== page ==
The Kubotan For Self-Defense

Posted: March 2nd, 2005 by Militant Libertarian


The little five to six inch tube or cylinder made of wood, plastic, or metal seems harmless enough. After all, you can’t swing it like a club, cut or stab anyone with it, nor can you throw it at anyone with any effectiveness. Despite these apparent limitations, the kubotan is probably the most prolific self-defense weapon in America.

Developed by Shihan Tak Kubota as a more modern and practical yawara stick, the little kubotan most often serves as a keyring yet it retains the striking and joint-locking capabilities of its progenitor, the yawara.

Those who do not practice martial arts have still found the kubotan to be a highly effective self-defense tool which is legal in almost all jurisdictions nation-wide. Used as a fist “equalizer” for punching, the kubotan can literally save your hands from breakage in an encounter. The ends, which protrude from the fist a few centimeters, can be used to give painful blows to soft tissue or hard bony areas and can literally kill an opponent if used with skill on vital areas.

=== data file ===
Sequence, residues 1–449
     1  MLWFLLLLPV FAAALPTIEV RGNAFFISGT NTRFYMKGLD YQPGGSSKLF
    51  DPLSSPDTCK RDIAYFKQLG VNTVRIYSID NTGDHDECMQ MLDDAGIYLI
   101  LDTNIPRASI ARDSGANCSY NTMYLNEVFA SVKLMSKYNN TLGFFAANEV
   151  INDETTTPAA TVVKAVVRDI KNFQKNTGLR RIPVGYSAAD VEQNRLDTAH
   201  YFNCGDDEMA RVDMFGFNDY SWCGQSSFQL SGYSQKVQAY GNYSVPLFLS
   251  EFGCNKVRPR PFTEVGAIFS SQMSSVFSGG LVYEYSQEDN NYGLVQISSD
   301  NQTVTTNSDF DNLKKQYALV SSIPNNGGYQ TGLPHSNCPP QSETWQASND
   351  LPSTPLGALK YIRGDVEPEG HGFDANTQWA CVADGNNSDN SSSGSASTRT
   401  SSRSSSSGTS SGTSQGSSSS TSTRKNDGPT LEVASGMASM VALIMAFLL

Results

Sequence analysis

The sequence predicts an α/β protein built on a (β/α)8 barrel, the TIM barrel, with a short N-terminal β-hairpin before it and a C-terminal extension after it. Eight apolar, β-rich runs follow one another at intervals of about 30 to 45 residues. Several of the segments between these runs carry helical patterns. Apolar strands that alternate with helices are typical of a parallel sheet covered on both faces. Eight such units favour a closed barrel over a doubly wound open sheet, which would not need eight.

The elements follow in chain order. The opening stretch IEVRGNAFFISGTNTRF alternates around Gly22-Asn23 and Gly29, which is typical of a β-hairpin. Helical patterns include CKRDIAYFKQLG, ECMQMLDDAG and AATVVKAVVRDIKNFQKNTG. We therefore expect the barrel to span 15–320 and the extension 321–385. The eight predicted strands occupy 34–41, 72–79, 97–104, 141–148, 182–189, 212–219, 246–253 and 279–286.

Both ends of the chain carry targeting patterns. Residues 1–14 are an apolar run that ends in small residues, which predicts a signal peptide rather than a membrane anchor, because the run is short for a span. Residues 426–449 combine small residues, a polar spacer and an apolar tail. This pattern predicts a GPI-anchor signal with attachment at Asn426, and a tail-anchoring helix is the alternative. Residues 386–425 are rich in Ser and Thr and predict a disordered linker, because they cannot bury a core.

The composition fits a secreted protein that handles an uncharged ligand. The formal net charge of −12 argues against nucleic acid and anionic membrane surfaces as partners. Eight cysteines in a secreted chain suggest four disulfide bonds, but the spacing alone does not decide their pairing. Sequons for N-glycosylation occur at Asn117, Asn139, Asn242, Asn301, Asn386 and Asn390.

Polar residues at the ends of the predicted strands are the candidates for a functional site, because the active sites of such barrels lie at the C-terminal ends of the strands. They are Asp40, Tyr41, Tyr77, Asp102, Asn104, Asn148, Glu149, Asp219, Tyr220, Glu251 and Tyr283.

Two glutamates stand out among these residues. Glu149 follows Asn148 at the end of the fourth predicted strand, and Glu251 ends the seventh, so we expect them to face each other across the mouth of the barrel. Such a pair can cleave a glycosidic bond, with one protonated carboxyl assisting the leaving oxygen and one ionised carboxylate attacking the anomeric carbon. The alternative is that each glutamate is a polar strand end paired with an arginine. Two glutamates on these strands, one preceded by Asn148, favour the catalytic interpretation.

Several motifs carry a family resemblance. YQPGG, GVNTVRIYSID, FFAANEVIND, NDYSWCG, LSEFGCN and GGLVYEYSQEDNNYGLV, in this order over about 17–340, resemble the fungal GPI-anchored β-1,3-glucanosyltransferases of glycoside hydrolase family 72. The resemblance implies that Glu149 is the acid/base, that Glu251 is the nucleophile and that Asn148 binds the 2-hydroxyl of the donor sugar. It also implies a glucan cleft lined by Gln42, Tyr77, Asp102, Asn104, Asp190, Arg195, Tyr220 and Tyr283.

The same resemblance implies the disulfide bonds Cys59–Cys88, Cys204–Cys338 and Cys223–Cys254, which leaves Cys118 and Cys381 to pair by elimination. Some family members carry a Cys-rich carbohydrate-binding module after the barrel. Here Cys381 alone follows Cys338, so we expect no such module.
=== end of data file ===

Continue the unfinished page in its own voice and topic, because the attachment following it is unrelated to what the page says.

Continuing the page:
With keys attached, a kubotan can become a swinging, biting, cutting nunchaku delivering blinding blows and painful abrasions to an attacker. Even the least-trained person can use a kubotan effectively to fend off an attacker.

More experienced martial artists, especially those who practice a “trapping” style such as JuJitsu or Aikido, will find that the kubotan also serves as a capable joint trapper and can be used for many hooking, locking, and pain compliance techniques.

Defensively, for anyone using the kubotan, it can easily equalize a larger, stronger opponent. Strikes, grabs, or kicks can be deflected or countered easily with the kubotan. A kicking leg, for example, can be met with a side-fisted punch with the kubotan being the striking point, thereby causing great pain or even disabling the attacker’s leg.

While carrying a gun, knife, or even pepper sprays and stun guns is illegal in many areas, the kubotan has yet to be restricted. They are generally available in metal, wood, or plastic and can be purchased for five or six dollars. Training can be had at any self-defense institute and usually the basics can be taught in less than an hour.

The ubiquitous little kubotan has proliferated throughout the United States and is, bar none, the most commonly-carried self-defense weapon available today.

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